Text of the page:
Almost one month after dropping his single “Disaster”, Zachary Boudrot releases another powerfully moving song, to be featured in his upcoming album, titled “Sorry”.
“Sorry” is the type of song that you have to re-play immediately after listening to it for the first time. And then play again after that. And again. And again. And then, maybe a few more times. It’s the type of song that pulls you in with the gentle, raw, exposed acoustic guitar, keeps you because of the harmonies that melt like candle wax in the sun, and layer perfectly like a Kit-Kat composed of chords, and have you looping it time after time due to the emotion, and the sting of relatability. Each twang of the guitar string a twinge of pain. Each “sorry” sung, translated to a “sorry” that has been unspoken, draped in the air, or said too late.
This song sent me through the seven stages of grief because upon the very first listen, I could relate it immediately to a person and situation in my life that happened in my past. It sent me right back to those naked, deep, complicated emotions, and so naturally I had to keep replaying it to figure out how a song so short, sweet and to the point was all of the things that it was: complex, intricate, and so god-damn spot on. I went through shock that I could so easily tie this song back to an exact point of time in my life, denial that I still had strong feelings about this situation, and the guilt that naturally comes along with reflecting on one’s past that has caused themselves, and others, pain.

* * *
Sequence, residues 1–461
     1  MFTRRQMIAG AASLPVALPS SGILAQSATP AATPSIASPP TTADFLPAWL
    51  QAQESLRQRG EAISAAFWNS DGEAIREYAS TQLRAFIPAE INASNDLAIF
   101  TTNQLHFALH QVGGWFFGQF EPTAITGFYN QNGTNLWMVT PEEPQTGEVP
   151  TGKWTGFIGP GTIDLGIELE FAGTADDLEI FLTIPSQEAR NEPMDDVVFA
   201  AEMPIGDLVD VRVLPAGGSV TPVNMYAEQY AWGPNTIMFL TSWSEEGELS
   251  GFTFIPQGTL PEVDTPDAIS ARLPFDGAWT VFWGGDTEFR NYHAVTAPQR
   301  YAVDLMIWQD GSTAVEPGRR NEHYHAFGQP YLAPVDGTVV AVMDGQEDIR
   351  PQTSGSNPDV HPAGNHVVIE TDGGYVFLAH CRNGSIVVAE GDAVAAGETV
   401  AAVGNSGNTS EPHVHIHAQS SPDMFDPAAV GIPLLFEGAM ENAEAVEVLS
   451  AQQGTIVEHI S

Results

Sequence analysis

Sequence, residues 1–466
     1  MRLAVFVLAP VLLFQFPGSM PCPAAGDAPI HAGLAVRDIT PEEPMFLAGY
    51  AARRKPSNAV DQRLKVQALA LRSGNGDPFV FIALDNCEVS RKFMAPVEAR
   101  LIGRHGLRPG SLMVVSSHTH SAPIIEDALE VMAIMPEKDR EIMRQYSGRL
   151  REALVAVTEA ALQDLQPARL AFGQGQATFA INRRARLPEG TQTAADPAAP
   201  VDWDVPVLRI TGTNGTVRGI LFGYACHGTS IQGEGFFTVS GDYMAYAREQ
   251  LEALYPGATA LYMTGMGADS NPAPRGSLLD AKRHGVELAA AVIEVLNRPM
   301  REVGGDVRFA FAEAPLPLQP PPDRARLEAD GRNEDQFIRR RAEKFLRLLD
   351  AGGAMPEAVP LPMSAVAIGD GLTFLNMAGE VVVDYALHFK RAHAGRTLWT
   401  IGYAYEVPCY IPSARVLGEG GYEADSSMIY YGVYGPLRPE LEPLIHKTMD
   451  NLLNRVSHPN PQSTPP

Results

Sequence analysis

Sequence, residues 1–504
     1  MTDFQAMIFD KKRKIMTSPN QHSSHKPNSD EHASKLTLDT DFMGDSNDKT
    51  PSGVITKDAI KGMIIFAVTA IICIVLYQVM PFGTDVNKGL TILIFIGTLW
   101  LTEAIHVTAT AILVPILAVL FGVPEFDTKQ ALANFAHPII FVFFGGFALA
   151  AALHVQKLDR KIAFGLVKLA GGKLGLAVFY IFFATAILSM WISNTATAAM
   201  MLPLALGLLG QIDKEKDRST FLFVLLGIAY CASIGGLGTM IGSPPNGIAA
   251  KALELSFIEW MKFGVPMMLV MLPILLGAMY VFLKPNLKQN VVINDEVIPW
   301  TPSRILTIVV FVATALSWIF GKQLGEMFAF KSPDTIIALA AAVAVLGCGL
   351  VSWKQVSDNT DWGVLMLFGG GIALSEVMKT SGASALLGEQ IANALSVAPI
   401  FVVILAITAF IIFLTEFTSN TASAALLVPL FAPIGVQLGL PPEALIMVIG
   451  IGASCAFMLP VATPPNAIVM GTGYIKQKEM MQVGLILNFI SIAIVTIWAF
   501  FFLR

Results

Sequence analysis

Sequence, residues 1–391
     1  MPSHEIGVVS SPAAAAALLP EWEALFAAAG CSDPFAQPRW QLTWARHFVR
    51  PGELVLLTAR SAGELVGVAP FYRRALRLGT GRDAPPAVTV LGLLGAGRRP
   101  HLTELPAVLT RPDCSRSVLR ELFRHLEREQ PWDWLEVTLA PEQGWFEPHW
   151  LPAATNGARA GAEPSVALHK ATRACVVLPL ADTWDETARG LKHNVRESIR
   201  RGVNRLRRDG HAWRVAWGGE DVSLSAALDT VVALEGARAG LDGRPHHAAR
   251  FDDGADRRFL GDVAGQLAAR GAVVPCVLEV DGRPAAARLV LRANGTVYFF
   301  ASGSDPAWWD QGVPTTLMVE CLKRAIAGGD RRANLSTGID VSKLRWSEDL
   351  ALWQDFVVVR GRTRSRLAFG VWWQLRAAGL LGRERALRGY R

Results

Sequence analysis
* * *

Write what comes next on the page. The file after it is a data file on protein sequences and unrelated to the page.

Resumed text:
Then as it goes I experienced anger, thinking about this point in my life that I believed was far expired. When getting to the climax of the song (the part that awakens the piece of you that maybe naively believed you somehow couldn’t yet relate this song to a time in your life, past or present) depression and reflection pulled through strongly. And then finally, as Zach Boudrot essentially starts to lay the song and the emotions to a sort of rest, I worked through the pain and sorrow again and ultimately accepted all of those feelings (and the past) for what they were. Then, finally, I grasped onto just how powerful and moving this song is.
Not only did Boudrot deliver a song that truly hits home, but he did it with some assistance from two of the most incredible, bad-ass musicians: Jess Hall (oldsoul) and Dillon Bailey (daisybones). Hall and Bailey bring a brilliant balance of support and power to the build of Boudrot’s song. They help to drive the song home, and to even show that “sorry” often times comes from more than just one party. Hall and Dillon are confirmed to be singing on a few other tracks off of Boudrot’s upcoming record as well.
If you’re looking for a song to make you feel nothing and everything all at once, “Sorry” is that song. Boudrot leaves the listener with a yearning for deeper answers and meaning to the woes of their situations that have warrant for “sorries”. Boudrot also leaves the listener with all of the tools to dissect the explanations they’re looking for, or to at least give themselves acceptance. “Sorry” will tingle all of your taste buds, and leave you yearning for what is to come off of his new record, with absolutely no apologies.